Money Matters: Preparing for the unexpected

Tobias Rooney of ?What If! explains how companies should predict the unpredictable and be flexible in order to mitigate risks fuelled by market changes

By Tobias Rooney
The prospect of unforeseen earth-shifting market changes can be a frightening risk for businesses to face up to. However, by experimenting and testing an organisation’s ability to adapt, leaders can prepare for the unprecedented and ride the waves of uncertainty to emerge ahead of competitors.
When planning for the future, many companies naturally look to the past – studying how change has come about before to predict what might happen next.
The problem with this approach is technology keeps changing the rules of the game, making past data increasingly irrelevant. This fact in itself is hugely important to businesses. Data is historically driven and as such is an unreliable companion when looking into the future.
Another common danger is the inability or unwillingness to let go of the current business model, made famous by the sad demise of Kodak. Linked to this is the failure to put disruptive metrics in place.
Successful businesses quickly shift into operational efficiency mode and build a set of metrics to ensure efficiency. Unfortunately efficiency requires a relatively steady environment and so when change happens, the metrics don’t tell you because you are looking at the wrong things.

Expecting the unexpected

One way to prepare for uncertainty is to explore potential futures and concoct patterns of response so that the business can understand how it would react were these events to happen. In reality, the future won't turn out like this, but it will enable the organisation to hone its antennae to the triggers of uncertainty.
Explore several different futures and think through some of the probable patterns – essentially build your instinctive muscles for the unexpected. Shell notably did this having walked through some scenarios, including the oil crisis. Of all the majors, they were the only ones who saw it for what it was.
Constantly keep in mind that what is held to be a business truth creates blind spots and filter these out. You need to live in a world of assumed uncertainty and be open to questioning the basic tenants of what drives your success.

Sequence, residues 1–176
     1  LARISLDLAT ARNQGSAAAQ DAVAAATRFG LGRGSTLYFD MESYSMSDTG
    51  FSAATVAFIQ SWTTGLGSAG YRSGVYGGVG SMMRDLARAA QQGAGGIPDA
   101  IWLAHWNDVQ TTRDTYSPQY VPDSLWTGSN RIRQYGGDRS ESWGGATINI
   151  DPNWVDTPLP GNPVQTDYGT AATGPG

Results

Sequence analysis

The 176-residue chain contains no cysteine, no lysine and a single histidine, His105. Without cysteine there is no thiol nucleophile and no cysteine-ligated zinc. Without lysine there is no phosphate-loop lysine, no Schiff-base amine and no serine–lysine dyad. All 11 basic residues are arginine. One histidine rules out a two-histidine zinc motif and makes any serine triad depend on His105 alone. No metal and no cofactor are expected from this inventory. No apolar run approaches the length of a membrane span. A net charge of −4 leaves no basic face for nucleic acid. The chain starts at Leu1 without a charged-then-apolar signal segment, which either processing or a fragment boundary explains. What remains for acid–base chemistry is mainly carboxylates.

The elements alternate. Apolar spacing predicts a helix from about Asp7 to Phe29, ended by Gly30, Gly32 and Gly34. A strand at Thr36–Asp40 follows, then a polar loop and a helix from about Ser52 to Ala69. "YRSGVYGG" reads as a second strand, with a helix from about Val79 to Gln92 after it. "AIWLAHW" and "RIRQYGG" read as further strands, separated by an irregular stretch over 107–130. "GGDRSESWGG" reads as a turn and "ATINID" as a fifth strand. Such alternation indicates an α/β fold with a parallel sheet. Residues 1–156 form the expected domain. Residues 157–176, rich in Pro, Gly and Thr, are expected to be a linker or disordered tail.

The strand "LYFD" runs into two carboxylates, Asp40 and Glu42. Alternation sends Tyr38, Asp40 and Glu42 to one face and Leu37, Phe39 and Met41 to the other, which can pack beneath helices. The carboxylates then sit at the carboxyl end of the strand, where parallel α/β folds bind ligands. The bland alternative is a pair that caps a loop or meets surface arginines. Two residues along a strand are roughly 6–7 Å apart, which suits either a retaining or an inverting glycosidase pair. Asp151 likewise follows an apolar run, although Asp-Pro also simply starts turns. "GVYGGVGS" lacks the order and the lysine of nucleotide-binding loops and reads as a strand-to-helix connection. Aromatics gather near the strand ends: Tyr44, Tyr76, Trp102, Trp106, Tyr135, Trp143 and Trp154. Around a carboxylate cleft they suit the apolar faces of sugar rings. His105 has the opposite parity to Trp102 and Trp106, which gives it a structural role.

Build up your business logic and understand your model as if building it again. Make sure you have a number of small-scale innovations that could totally disrupt your existing business.
To test how well your business is currently innovating, measure the frequency of experiments and failures. In this context, failing is a positive indicator of getting to the edges of what you can do. If you don’t know where the edges are, go and find them.

Designed for instability

Inbuilt flexibility is also key. A good analogy is in aircraft. Historically planes were designed for stability to keep them in the air. Today advanced fighters are designed for instability, using computer processing to keep readjusting the instability to give a sense of stability.
The inherent instability means they can respond much more quickly to changes, creating opportunity rather than risk. Given the volatility of international market forces, businesses could benefit from a similar approach.
Looking into what will accelerate the clock-speed of a business can help to overcome uncertain times successfully. This could involve anything from reduced supply chain times, to faster concept to launch processes.
Businesses that on the face of it look less efficient in the current market are usually less tightly coupled. When the world starts to change they are able to stretch and adapt, whereas a tightly coupled business has nowhere to go. The whole thing needs to change so all the cogs still mesh.
When IBM recognised that the mainframe business just wasn’t going to last, it turned itself very successfully into a services business.
Zero-based strategy is about being able to reconfigure your business operating system to re-anchor it on some new area of competitive advantage. But first you have to let go of the first one.

Looking further afield

Another way to prepare for changes you can’t foresee is to stay in touch with other industries. Exploring other worlds and looking at your own sector through their eyes offers a way of recognising the signs of upcoming and unexpected changes and allows you to put into motion a plan for how to face these, whatever they may be.
Most of the answers to commercial challenges already exist somewhere in the world, you just have to look for them in unlikely corners.
And finally, leaders need to be experimental. Look at all scenarios and embrace the risk of inherent instability to further facilitate innovation that, if it made good, could completely switch the business and keep it well ahead of future challenges.
Businesses that are unable to sufficiently quantify risk are left open to failure. Doing the same thing is considered as zero risk, but in reality, doing the same thing is the biggest risk of all.

Tobias Rooney is Director at strategic innovation consultancy ?What If!

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